Promoting Independent Living through Sustainable Development Goals (SDGs)

Promoting Independent Living through Sustainable Development Goals (SDGs)

Building partnerships for the implementation of SDGs and the CRPD

As part of this year’s European Disability and Development Week (EDDW), ENIL organised an event on Promoting Independent Living through Sustainable Development Goals (SDGs). It was part of a series of events, addressing disability issues in the context of development cooperation, coordinated by the International Disability and Development Consortium (IDDC).

The aim of the event, which took place on the 7th December at the UN Human Rights Office in Brussels, was to share information about European initiatives which link SDGs and CRPD, to learn about the work of Indian DPOs, as well as to discuss how to better promote the right to independent living, as set out in Article 19 CRPD, using SDGs.

The event was moderated by Nadia Hadad (ENIL Board member) and Barbara Caracciolo (SOLIDAR).

The work of Indian DPOs was presented by Prasanna Kumar and Arun Kumar Singh from Sightsavers India. They presented a project which aims to build the capacity of disabled people to shape and monitor the implementation of SDGs in India. As part of this project, they held several trainings on advocacy and capacity building on SDGs, looked at gender and disability issues, organised capacity building visits for DPOs to Brussels. A specific objective of the project is to establish, strengthen and stimulate policy dialogue and partnership between DPOs in India and the European Disability Forum.

The Initiative on Accessibility and Independent Living of Persons with Disabilities in Jharkhand spoke about the challenges disabled people face on a daily basis. Accessible environment was recognised as one of the core elements for improved social inclusion. In order to address all the challenges, numerous actions were undertaken, like awareness raising or trainings for people with disabilities. Consequently, some improvements to physical accessibility have been made. In the future, the plan is to continue with trainings and auditing of buildings.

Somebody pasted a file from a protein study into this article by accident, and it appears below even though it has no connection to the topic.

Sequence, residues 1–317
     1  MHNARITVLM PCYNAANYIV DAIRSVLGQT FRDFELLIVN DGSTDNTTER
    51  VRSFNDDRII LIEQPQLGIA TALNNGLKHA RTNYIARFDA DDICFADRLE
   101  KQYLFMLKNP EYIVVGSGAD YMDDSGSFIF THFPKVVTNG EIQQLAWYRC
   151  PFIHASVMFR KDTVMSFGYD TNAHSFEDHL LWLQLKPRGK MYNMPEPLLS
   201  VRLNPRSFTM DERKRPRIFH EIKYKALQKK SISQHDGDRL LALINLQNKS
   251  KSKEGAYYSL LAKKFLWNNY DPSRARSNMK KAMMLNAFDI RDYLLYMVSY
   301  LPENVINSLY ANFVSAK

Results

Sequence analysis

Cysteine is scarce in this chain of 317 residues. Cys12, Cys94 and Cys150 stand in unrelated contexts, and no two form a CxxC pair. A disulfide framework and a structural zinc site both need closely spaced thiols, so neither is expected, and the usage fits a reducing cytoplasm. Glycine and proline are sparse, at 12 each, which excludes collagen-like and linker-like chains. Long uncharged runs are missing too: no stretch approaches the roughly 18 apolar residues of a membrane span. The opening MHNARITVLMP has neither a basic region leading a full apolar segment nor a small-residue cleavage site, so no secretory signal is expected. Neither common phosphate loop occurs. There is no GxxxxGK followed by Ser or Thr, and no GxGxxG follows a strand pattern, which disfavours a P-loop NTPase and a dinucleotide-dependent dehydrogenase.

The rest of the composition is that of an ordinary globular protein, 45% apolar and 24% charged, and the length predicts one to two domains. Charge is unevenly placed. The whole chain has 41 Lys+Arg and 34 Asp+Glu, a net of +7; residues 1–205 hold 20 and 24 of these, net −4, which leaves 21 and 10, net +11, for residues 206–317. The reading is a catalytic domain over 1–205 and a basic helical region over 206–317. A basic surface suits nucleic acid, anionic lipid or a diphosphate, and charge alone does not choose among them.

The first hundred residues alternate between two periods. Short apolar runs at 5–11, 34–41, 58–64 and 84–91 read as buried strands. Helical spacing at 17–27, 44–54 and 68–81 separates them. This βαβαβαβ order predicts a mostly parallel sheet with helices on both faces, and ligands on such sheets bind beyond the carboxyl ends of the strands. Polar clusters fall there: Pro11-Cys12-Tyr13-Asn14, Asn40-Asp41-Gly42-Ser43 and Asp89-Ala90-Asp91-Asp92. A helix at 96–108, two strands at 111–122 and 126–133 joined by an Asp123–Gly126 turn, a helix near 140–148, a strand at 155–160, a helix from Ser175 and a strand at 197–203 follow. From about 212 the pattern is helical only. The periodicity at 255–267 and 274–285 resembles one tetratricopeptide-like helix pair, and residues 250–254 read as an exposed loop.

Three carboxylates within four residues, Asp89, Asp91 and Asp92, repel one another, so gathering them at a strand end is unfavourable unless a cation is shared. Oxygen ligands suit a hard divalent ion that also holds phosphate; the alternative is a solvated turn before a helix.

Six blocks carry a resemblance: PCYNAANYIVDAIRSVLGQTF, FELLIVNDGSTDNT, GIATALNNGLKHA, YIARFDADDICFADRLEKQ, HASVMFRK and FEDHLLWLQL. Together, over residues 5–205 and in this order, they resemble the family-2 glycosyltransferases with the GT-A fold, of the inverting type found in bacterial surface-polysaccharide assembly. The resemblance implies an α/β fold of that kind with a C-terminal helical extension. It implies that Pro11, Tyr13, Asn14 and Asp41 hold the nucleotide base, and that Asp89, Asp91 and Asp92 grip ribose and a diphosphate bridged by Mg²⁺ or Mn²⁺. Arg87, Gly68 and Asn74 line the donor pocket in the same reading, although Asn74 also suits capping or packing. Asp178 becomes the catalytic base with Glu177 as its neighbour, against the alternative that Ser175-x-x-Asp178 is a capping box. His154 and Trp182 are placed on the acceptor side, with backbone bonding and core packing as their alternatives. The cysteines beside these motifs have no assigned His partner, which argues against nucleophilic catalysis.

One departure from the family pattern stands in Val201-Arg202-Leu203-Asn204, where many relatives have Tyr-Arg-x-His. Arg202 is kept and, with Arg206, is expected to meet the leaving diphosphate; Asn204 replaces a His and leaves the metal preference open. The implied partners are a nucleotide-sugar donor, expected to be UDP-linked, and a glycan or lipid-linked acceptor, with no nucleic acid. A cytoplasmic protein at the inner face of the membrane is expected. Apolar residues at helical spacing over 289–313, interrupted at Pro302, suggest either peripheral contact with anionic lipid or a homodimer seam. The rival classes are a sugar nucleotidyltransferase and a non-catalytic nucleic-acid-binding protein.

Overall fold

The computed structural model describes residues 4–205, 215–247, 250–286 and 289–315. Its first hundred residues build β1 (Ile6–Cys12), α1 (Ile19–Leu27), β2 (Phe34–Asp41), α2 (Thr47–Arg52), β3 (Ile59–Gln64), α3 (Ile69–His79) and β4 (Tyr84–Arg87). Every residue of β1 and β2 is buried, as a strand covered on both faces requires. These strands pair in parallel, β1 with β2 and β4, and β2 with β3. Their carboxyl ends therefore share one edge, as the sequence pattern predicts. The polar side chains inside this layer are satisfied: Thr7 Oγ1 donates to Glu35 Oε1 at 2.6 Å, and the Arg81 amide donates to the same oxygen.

Jamie Bolling highlighted the main principles of Independent Living – to have the same range of options and the same degree of self-determination that non-disabled people take for granted. She also presented the work of Swedish organisations promoting independent living and their Western Balkans initiative. This initiative is based on education, knowledge exchange, study visits, peer support, mentoring on rights and increasing self-confidence. The results are a change in attitudes and expectations – by the families, young people and society, increased independence and empowerment, increased participation and increased recognition.

One of the learnings from this event is that we face similar obstacles and challenges around the world and that we can make a difference through a variety of activities: awareness raising, peer support, mentoring, trainings and education, among other.

 

 

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